On April 1, the City of Denver filed a lawsuit against JUUL and other major electronic-cigarette companies in U.S. District Court, claiming that the brands intentionally marketed to youth.
“As we battle COVID-19, pulmonary health has never been more important. Sadly, scientific studies indicate the disease could pose a greater risk to young people who have been using the defendants’ harmful products. We are more focused than ever on fulsome abatement strategies combating the youth vaping epidemic. The defendants helped cause it, so they can help us pay for it," Denver City Attorney Kristin Bronson says in a statement announcing the suit.
Colorado has one of the highest youth vaping rates in the country.
In the suit, the city charges that the big e-cig companies — JUUL as well as Altria, Eonsmoke and Nu Mark — violated state public-nuisance law by marketing to youth, contributing to a youth vaping epidemic. Colorado law defines a public nuisance as "the doing or failure to do something that injuriously affects the safety, health, or morals of the public or works some substantial annoyance, inconvenience, or injury to the public,” the filing notes.
It asks the court to order the defendants to pay an unspecified amount in damages to the city and also "fund prevention education and addiction treatment."
Denver's case against the e-cig companies will be consolidated in a federal court in California with dozens of cases filed by plaintiffs across the country. Keller Rohrback is representing Denver and other plaintiffs in the litigation and drafted the complaint for the city; the law firm is also representing Denver and other local governments in litigation against opioid companies.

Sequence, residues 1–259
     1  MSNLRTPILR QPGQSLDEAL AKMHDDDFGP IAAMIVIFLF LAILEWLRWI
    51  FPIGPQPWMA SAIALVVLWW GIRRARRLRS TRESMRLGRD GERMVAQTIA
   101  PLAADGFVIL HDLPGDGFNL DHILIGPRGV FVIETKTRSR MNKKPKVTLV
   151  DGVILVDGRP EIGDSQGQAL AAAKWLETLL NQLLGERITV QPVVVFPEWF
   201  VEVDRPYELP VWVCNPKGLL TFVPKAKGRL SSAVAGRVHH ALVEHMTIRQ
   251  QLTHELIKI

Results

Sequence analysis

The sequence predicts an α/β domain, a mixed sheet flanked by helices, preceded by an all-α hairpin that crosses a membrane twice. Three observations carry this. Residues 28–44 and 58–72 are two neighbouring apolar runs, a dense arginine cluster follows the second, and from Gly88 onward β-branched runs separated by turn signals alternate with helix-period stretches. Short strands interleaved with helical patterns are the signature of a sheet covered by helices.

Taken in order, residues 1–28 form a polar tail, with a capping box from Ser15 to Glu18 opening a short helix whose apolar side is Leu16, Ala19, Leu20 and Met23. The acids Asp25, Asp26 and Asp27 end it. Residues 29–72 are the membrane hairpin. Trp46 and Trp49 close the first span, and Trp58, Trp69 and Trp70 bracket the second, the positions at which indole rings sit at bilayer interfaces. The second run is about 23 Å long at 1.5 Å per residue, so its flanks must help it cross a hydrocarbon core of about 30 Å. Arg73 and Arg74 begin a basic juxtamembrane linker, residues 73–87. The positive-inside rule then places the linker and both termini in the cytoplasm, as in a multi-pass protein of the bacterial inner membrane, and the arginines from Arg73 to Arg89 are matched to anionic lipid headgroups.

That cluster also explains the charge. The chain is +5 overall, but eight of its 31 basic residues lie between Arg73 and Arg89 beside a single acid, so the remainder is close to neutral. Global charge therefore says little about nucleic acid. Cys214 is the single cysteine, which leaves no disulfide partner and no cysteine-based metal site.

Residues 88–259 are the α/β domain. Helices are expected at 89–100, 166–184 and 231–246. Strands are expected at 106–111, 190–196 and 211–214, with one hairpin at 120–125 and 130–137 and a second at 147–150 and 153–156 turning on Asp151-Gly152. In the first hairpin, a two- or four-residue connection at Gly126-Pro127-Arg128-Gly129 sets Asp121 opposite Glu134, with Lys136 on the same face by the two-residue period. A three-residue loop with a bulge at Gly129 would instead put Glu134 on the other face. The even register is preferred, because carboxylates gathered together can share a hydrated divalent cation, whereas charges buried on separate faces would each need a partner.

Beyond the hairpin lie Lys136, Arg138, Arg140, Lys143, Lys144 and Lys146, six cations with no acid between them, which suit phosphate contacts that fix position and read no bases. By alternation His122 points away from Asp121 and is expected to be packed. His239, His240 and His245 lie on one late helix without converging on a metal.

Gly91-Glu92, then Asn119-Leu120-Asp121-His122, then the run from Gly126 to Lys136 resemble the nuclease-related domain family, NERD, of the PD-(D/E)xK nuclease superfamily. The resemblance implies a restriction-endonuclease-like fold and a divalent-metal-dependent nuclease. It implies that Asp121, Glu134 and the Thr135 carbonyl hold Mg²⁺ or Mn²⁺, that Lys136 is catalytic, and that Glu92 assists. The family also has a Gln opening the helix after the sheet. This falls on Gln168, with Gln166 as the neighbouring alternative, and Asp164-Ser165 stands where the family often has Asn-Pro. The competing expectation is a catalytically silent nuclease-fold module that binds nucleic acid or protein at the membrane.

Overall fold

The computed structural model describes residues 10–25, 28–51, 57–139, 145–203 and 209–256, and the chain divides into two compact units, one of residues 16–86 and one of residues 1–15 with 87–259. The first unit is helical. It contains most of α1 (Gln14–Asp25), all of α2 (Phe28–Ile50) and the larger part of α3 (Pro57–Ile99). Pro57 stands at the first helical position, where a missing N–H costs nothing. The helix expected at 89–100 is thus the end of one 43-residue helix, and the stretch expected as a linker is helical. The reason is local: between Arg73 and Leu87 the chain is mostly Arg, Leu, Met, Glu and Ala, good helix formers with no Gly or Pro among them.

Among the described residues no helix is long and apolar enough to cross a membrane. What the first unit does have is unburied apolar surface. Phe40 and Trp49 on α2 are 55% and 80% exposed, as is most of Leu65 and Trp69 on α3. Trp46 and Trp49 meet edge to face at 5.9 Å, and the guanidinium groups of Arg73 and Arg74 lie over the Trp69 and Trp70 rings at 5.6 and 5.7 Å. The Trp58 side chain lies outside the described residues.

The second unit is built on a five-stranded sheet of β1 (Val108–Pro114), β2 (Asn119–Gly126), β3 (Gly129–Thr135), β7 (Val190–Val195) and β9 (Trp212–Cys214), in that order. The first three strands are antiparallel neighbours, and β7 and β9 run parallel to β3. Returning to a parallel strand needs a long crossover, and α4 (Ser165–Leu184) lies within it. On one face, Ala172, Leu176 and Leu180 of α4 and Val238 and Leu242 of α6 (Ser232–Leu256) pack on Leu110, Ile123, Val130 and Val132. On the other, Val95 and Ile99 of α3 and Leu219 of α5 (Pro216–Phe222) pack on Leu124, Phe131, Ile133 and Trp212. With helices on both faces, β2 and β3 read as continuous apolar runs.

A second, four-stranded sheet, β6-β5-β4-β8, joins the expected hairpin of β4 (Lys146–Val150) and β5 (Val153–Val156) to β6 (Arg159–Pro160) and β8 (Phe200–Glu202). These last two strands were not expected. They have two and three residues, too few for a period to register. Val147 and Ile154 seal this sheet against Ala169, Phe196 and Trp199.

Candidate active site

Much of the Denver complaint repeats claims in other cases. A small portion, however, includes city-specific allegations. For example, it states, "In order to combat the public health crisis caused by Defendants’ conduct, [the city of Denver] spent significant and unexpected levels of time and resources on addressing the pervasiveness of youth use of vaping products."
In particular, the suit says, the city has stepped up enforcement at retail shops selling vaping devices and has also spent time and resources on developing a new law raising the minimum tobacco-purchasing age to 21, and requiring that stores be licensed with the city. (While President Donald Trump recently raised the tobacco- purchasing age to 21, Colorado lawmakers have been delayed in their attempts to do so on a statewide basis because of the COVID-19 pandemic.)
The complaint also highlights vaping problems at Denver high schools. "Vaping has become highly disruptive to [Denver Public Schools] operations, as [the district] has had to respond to many disciplinary issues and confiscate hundreds of vape devices from its students," it asserts.
Both the city and DPS have been challenged by determining how to properly dispose of confiscated vape devices, since Denver doesn't have a "central repository for public disposal of hazardous waste," the complaint notes. "Therefore, while Plaintiff has been working tirelessly to address the youth vaping crisis, more resources are needed to fully counter Defendants’ conduct."
JUUL, which has already pulled its flavored products from shelves across the country, is also the focus of an investigation by Colorado Attorney General Phil Weiser, to determine if the company engaged in deceptive marketing practices to hook youth. That investigation is still ongoing.
The Trump administration has also cracked down on flavored pods, a product in which JUUL originally specialized, but stopped short of banning flavored e-cig juice for devices that require manual insertion.
Here's the full Denver complaint:
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